Bulls’ Thibs should rest stars

By Bob Kreider

I think it’s safe to say most Chicago Bulls fans have been pleasantly surprised with the 30-22 record the Bulls currently have coming out of the All-Star break, especially without former MVP Derrick Rose.

The Bulls are second in the central division and are only a game and a half behind the Indiana Pacers. What isn’t surprising is the fact that Bulls head coach Tom Thibodeau still puts too much stock in regular season victories.

Of course the goal in sports is to win every game. But in an 82-game regular season, minutes add up. By the end of the season, the physical toll starts to rear its ugly face and nagging injuries can hurt teams going into the playoffs. Luol Deng is leading the league in minutes per game for the second straight year. Last year he averaged 39.4 minutes per game and in 2010 Deng was fourth overall with 39.1 minutes per game. At the halfway point of the season, Deng currently averages 39.6 minutes. Keep in mind that although Deng is only 27 years old, he is playing in his ninth NBA season. Come on, Thibs. The regular season is important, but as we all know the playoffs are what matter most.

Joakim Noah is a perfect example or the wear and tear that NBA players’ bodies endure throughout the rigorous season. Already having struggled with plantar fasciitis (a chronic condition in the foot usually caused by overexertion) in 2010, Noah is seventh in the NBA in overall minutes at 38.3 per game. The most recent flare-up with Noah’s plantar fasciitis should be sufficient evidence that maybe it’s time to consider the importance of players’ health, even if it means losing a game or two.

San Antonio Spurs coach Gregg Popovich has been revered as the best coach in the league for years now. He is known for resting key players throughout the regular season in order to ensure they are not completely run down come the playoffs. Earlier this year, Popovich sat Tim Duncan, Manu Ginobili and Tony Parker in a road game against the Miami Heat. The Spurs played almost all backup players, narrowly losing to the Heat 100-105. This isn’t the first time Popovich has done this and we can be certain it won’t be the last. Sorry, David Stern. Win or lose, Popovich recognizes getting to the playoffs is of the utmost importance–not having the best record at the end of the season.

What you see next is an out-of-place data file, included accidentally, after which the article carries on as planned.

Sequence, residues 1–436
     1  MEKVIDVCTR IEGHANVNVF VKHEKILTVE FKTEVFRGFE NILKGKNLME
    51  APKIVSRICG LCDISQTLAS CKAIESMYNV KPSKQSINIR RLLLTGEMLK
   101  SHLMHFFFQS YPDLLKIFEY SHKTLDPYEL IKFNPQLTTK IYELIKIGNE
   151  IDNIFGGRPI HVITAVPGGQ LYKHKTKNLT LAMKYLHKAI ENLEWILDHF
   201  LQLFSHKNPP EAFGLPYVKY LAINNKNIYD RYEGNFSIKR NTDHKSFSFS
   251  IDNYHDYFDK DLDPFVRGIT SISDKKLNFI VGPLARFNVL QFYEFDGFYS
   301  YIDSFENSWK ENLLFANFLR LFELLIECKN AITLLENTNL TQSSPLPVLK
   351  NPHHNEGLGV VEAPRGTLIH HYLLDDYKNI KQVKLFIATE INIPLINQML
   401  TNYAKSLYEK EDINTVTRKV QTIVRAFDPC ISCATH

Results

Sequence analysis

Thibodeau is one of the top coaches in the league. He knows more about basketball than I could ever learn in a lifetime. But one thing Thobideau has to work on is managing players’ minutes throughout the regular season. Deng and Noah were all-star selections this year and the Bulls, with or without Rose, will need them to be as close to 100 percent as possible if they hope to do anything in the post season. As unlikely as a Bulls championship may be this year, there’s always next season. A healthy Rose and the Bulls could be right back in contention in the East. Take away an all-star center in Noah and/or Deng and the Bulls will find themselves in a similar situation.

If the 2010-11 season taught us anything, it’s that having the best regular season does nothing for you in the playoffs. It’s time for Thibodeau to consider the future of the franchise and the reality of players’ physical limitations.